Quote by Even Bigger D
Let me guess - you're a self proclaimed soundman/engineer?



I mean do people realize that just one of these

http://www.jblpro.com/catalog/general/Product.aspx?PId=41&MId=4

is equal to like 8 marshall fullstacks? They are meant to be arrayed in 6's for stadiums and outdoor venues. thats a maximum of almost 20,000 Watts of power. PA's will win every-time. That wall of stacks was used for awesome branding and marketing effect but its just for show.
Prs se Holcomb is the answer
#35
There's no question PAs have the capability to be far louder. And for huge venues, running everything through the PA is pretty mandatory. Although it should be noted that JBL posted is NOT equal to 10 marshalls - it's got 10 times the power handling maybe, but its sensitivity is only 95db/1watt/1meter vs say 103/1/1 for the speakers in a V30 loaded 4x12. That right there kicks the marshall up to being about as loud.

My rule of thumb is as follows: if the venue is small enough that you aren't planning to mic the drums, you probably shouldn't mic the guitar & bass amps either. Because in those venues (where about 95% of all gigs are played), the drums set the volume anyways. Just have the drummer drum, the guitars and bass set their levels on stage to that, and stick the vocals over the top with the PA. Works great.

Trying to put everything but the drums in the PA at a small venue (especially one without a couple of dedicated monitor mix busses) is a recipe for disaster.
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Last edited by Even Bigger D at Jan 9, 2010,
#36
Quote by gald
Nope. I'd have about as much luck performing open-heart surgery as I would operating a soundboard.

I just know what I hear when I'm at shows, what I've read and what I've been told from professional sound engineers (as in, people who graduated from places like Berklee and know what they're doing and what they're talking about.)


The reason I ask is that overly loud guitars is mostly a gripe of amateur "soundmen". Real pros are used to dealing with fairly hefty guitar volumes, since most touring acts use multiple 100 watt heads and cabs (although some are frequently backups).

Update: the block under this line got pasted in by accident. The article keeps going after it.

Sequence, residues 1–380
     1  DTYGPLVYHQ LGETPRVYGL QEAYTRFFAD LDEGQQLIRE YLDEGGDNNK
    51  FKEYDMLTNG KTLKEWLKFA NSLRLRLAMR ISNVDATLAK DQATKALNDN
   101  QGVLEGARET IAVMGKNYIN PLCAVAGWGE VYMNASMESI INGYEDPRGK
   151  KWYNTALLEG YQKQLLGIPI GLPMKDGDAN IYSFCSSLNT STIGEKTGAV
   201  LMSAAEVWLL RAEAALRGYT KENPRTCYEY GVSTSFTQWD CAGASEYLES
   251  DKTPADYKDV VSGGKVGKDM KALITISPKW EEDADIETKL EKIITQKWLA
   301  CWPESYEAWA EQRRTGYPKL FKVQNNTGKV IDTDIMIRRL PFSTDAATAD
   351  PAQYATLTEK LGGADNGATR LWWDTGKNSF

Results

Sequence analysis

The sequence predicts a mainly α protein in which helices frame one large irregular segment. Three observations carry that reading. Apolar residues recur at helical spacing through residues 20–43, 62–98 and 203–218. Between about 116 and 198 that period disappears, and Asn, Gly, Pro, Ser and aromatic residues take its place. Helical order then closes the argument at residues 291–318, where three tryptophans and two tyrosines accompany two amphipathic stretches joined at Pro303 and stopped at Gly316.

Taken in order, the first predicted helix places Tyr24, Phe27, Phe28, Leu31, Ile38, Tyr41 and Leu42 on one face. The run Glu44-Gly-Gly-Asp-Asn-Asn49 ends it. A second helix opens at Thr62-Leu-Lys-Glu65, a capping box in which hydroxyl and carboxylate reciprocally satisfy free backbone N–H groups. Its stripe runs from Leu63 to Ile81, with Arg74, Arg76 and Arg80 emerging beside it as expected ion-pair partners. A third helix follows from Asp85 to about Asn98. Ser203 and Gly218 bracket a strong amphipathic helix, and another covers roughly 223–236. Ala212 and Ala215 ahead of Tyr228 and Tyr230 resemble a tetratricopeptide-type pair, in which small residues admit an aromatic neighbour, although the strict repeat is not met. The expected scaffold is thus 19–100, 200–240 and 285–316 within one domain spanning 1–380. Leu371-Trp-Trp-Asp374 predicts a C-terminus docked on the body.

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#37
Like I said, maybe it's being a major city where there are a lot more people and venues (meaning, if a venue has a rep for bad sound no bands will play there and no people will go), but I have rarely found bad sound a venue be cause by anything but overly-loud amps.

It may also skew my view on what is a "small" venue compared to what you think (though I have no idea, for all I know you live in NY City) is a small venue. Almost every bar around here mics the kick and has at least a boom mic over the kit.
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#38
Quote by Even Bigger D
The reason I ask is that overly loud guitars is mostly a gripe of amateur "soundmen". Real pros are used to dealing with fairly hefty guitar volumes, since most touring acts use multiple 100 watt heads and cabs (although some are frequently backups).

The key words in the sentence are "dealing with."

One of my good friends is a sound engineer for Berklee (graduated from and now works there) and it's his #1 complaint when he has to do sound at the school rock venue. He can compensate for it, but his life would be easier if he didn't have to.

It's not so that, if you know your shit, you CAN'T get a good live sound without a PA and by running 'larger' amps, but those who understand how to do it right are few and far between.
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#39
Well, I've never played in Boston, but since mics on drums is typically done for 1000 seat plus venues, you'll have to excuse me if I'm a bit skeptical. Are you trying to tell me that's Joe's Dive Club will have racks of Crowns, an 8-bus Mackie console, stacks of JBLs and when Bubba the drummer walks in the first think Joe's Berklee-trained engineer will say is "let's get those miced up"? You can see why this strains credibility, right?
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Substitute the stage for the wire, and he's got it.
Last edited by Even Bigger D at Jan 9, 2010,
#40
Quote by gald

One of my good friends is a sound engineer for Berklee (graduated from and now works there) and it's his #1 complaint when he has to do sound at the school rock venue. He can compensate for it, but his life would be easier if he didn't have to.


That has the aura of whining, to be honest. Touring acts have always done it the way they do (with substantial stage volume) for a very good reason.
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“Life is on the wire…the rest is just waiting” - Papa Wallenda
Substitute the stage for the wire, and he's got it.